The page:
Media Release


Property Industry Hits Back Over ‘Fat Estates’



"Laying an obesity epidemic on the doorstep of the development industry is bizarre."  



Tony De Domenico 
Executive Director

Housing estates being built throughout Victoria embedded health and recreation needs within their planning and design, the Urban Development Institute of Australia (Victoria) said today.

Tony De Domenico, Executive Director of the UDIA (VIC) today said the attack in today's Age newspaper "Health Fear on Estates" confuses the provision of facilities provided by the development industry and the infrastructure to be provided by Governments.

"Laying an obesity epidemic on the doorstep of the development industry which provides parks, walking and cycling tracks and in some cases swimming pools in their developments, is a bizarre claim".

"There are places to exercise on every project if people want to be involved".

Mr De Domenico said in many cases the industry took over degraded farmland and transformed it into healthy environments including wetlands to protect water resources and provide interesting healthy walking, jogging or cycling experiences. In 2011 the Victorian development industry spent in excess of $92 million on wetlands.

"Apart from providing facilities on their own projects, the investment and economic activity of the development industry produces hundreds of millions of dollars in tax which should be put into local infrastructure".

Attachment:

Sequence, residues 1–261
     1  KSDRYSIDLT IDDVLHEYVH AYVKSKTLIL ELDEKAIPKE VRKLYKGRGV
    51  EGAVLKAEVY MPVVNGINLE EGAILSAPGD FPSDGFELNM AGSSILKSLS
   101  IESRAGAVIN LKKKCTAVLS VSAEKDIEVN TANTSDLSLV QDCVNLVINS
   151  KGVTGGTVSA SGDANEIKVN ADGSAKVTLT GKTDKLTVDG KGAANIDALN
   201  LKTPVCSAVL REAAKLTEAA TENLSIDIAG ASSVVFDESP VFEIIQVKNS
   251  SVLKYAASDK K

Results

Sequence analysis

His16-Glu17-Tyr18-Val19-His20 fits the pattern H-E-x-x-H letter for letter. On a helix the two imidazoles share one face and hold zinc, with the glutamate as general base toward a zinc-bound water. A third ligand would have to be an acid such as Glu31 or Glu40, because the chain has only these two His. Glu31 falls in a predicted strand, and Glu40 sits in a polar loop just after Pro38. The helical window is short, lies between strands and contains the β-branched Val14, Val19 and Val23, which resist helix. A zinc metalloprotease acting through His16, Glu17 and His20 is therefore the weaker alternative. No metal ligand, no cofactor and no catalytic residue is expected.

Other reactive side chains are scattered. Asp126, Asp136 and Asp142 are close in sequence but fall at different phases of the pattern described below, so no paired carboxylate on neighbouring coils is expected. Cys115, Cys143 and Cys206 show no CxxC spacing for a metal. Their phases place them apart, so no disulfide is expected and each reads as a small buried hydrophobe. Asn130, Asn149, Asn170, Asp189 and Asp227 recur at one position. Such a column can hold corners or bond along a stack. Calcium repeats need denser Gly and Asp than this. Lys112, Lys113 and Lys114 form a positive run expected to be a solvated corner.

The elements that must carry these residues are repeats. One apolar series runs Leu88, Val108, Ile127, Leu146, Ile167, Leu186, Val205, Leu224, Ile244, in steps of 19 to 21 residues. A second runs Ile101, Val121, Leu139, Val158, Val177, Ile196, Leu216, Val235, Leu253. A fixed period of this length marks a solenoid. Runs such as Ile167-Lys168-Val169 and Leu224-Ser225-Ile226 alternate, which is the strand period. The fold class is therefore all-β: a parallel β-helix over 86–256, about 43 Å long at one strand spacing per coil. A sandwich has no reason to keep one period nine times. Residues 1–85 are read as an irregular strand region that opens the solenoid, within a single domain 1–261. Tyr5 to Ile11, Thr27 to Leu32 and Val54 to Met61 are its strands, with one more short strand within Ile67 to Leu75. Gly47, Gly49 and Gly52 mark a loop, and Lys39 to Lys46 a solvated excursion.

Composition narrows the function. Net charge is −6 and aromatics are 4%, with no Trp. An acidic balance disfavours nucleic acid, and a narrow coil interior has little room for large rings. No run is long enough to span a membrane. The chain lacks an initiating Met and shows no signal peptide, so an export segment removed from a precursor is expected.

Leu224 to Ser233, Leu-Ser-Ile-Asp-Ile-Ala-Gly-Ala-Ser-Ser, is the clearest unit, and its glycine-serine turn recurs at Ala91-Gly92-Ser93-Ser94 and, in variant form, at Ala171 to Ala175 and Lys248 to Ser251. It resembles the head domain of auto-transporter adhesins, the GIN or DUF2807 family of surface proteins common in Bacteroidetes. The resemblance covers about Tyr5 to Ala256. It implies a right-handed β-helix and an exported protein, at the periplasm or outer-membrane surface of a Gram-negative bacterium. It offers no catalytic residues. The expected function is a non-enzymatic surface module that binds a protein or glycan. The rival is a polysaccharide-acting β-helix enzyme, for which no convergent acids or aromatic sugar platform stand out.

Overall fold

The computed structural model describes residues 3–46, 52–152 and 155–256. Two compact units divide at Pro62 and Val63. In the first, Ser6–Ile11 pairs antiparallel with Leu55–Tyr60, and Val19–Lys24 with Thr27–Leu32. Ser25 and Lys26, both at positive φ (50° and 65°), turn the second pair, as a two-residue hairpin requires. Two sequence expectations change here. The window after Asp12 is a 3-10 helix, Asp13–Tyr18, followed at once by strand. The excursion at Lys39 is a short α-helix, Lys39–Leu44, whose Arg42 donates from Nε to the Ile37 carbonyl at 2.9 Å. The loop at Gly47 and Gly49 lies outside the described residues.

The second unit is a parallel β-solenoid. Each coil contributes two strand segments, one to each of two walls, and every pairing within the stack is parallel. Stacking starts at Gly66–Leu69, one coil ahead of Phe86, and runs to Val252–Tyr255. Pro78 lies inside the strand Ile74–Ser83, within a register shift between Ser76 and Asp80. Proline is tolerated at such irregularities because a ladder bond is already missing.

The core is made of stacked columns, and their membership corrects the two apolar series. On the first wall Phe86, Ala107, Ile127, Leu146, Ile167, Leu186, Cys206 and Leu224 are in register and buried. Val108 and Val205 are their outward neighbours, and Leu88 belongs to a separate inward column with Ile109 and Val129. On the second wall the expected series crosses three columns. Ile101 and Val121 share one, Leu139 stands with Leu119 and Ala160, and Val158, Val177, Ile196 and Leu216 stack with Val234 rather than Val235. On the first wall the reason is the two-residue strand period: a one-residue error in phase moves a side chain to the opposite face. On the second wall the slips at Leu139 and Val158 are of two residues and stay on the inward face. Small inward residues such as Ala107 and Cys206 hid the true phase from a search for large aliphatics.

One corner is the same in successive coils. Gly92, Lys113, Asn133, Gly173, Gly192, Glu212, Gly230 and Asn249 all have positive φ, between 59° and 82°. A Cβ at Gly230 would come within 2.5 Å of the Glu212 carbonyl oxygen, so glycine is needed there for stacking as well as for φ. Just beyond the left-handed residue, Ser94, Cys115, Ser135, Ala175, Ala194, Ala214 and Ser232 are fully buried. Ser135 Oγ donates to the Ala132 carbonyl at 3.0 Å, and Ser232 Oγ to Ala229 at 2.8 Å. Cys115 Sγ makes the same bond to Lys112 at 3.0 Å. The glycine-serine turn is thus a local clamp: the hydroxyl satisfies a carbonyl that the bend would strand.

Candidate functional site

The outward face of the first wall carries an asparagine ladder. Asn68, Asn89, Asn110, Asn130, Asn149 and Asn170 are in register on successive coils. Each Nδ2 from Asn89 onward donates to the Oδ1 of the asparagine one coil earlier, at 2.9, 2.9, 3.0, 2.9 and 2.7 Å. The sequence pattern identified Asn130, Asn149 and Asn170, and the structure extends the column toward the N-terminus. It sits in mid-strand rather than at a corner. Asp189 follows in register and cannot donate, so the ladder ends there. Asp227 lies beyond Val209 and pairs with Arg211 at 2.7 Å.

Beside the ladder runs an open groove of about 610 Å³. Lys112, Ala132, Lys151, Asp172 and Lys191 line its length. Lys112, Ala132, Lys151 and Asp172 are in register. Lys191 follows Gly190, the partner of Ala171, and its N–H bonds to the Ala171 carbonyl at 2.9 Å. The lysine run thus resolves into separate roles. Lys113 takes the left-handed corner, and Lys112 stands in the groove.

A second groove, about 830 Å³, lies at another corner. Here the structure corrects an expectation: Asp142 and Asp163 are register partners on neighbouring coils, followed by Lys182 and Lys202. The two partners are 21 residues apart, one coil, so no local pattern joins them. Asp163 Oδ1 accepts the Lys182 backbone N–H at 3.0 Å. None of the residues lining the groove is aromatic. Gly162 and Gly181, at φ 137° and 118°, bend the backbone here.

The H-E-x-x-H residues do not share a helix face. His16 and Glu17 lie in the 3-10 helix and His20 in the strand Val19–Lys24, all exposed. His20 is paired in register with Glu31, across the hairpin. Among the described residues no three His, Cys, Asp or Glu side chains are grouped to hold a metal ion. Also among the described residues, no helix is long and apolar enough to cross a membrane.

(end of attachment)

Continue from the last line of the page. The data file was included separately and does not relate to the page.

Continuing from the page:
"Recent figures by Charter Keck Cramer showin 2011, taxes and charges across the three levels of Government on an average block of land in Victoria costing $199,000, was $46,200."

Mr De Domenico said on top of these taxes, the industry is often forced to spend up to $6,000 per hectare to buy up habitat land on the off-chance that it might one day be used by a Golden Sun Moth, Growling Grass Frog or Southern Brown Bandicoot, even though there is no evidence of its presence.

"In the case of the Growling Grass Frogs, a supposed endangered species, they are breeding in wetlands around Melbourne and the argument of them being endangered to hold up projects or add cost to new homes is out of date".

"The industry would rather spend the $6000 per hectare on resident facilities not frogs or moths."

Mr De Domenico said in the case of Point Cook featured in The Age article, its transport issues and public swimming pools, is the result of a decade of a lack of investment by past Federal and State Governments who were well aware of the development schedule and we are now in catch up mode in difficult economic times.

Media Enquiries:
Ron Smith, Corporate Media Communications, UDIA - Mobile: 0417 329 201